by Dave Goulson, Professor of Biology, University of Sussex

The charity, Songbird Survival, are funding two PhD students in my lab at Sussex University, Priyesha Vijendra and Cannelle Tassin de Montaigu, to investigate whether pesticides are contributing to the ongoing declines of farmland birds. Impacts of pesticides on birds first came to the fore in the 1960s, with the realisation that DDT and its relatives were causing egg-shell thinning in predatory birds such as raptors, but in recent decades there has been rather little research in this area. The two students hope to assess whether modern pesticides currently pose a threat to our bird life.

Corn bunting eating insects - Shutterstock

Corn bunting eating insects. Credit: Shutterstock

Pesticides could harm birds directly, by poisoning them, or indirectly, by depleting their food supply (e.g. insects). Given that we use over 300 different ‘active substances’ – types of pesticides – in UK farming, assessing the risks posed to birds by all of them is quite a challenge. To begin this process, Cannelle analysed patterns of pesticide use in the UK since 1990. Using data collected by Defra, she calculated changes in the ‘toxic load’ to birds, a measure of potential toxicity. Her work has just been published in the journal ‘PeerJ’, and is open access: Here I provide a summary of her findings.

Cannelle calculated the annual ‘toxic load’ of agricultural pesticide use in Great Britain for birds, measured as the total number of LD50 doses for corn buntings (an arbitrary choice of medium-sized farmland bird) per year. The LD50 is the “lethal dose that kills 50% of test animals”, a standard measure of toxicity. We have previously performed similar analyses for bees, for which the total toxic load increased six-fold during this period. In contrast, for birds the total toxic load fell by 80%; fed directly to birds, one could kill 80% fewer birds with the pesticides used today, compared to 1990. On the face of it, this looks like good news, but it is a bit more complicated.

Cannelle found considerable turnover in the pesticides used. During the period 1990-2016 the European Union restricted or banned many pesticides for agricultural use, including organophosphates and carbamates. However, new generations of active substances have been introduced, such as the neonicotinoids (some of which have since been banned). This turnover explains the contrasting patterns for birds and bees; the organophosphates that are no longer used were very poisonous to birds, whereas the neonicotinoids are less toxic to birds but much more toxic to insects. Thus the risk of birds being directly poisoned may have dropped, but the risk that insect-eating birds might starve is likely to have gone up.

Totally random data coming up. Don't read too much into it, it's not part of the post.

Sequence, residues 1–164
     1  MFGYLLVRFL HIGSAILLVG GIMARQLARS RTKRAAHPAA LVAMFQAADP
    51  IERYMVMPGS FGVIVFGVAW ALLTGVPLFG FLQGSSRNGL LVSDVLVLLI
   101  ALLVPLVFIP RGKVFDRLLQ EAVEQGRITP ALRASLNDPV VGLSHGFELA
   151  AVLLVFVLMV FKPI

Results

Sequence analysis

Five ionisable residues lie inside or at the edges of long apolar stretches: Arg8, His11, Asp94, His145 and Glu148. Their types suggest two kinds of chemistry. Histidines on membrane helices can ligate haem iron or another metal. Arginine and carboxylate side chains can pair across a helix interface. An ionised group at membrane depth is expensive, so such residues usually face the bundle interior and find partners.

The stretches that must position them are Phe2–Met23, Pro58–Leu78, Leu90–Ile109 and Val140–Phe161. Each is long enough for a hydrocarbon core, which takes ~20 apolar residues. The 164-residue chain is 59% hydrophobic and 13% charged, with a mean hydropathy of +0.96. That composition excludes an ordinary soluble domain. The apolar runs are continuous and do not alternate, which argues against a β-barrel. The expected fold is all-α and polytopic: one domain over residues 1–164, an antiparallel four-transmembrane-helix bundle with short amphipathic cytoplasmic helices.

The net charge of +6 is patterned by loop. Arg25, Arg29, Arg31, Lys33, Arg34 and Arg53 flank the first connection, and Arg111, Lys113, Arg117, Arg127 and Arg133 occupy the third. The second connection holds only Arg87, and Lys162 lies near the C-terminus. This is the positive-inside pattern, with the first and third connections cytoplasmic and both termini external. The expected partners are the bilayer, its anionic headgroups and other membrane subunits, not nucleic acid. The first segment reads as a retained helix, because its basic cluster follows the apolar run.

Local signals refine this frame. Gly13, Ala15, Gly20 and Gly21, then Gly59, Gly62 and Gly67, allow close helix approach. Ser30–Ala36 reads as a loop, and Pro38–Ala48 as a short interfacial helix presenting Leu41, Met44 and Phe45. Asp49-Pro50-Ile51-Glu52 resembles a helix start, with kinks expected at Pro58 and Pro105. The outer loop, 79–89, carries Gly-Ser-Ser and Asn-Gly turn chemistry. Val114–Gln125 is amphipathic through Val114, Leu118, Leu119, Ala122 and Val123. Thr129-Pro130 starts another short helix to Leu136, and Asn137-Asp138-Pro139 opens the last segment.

Interestingly, the chemicals that currently have the highest toxic load to farmland birds (and hence might be flagged up as possible threats) include a mix of insecticides, herbicides, fungicides, molluscicides, acaricides and plant growth regulators. Some of these chemicals, such as the herbicides glyphosate and pendimethalin, are not highly toxic to birds, weight for weight, but are used in very large and steadily increasing quantities, and so exposure of birds is likely to be high and growing. There has been very little research into whether such compounds directly harm bird life.

In the near future we will be investigating exactly which pesticides turn up in feather samples from wild birds, the next step in working out what harm (if any) they might be doing. Watch this space!

Read the full paper here.

Find out more about the work we’re doing to reduce the use of pesticides in agriculture.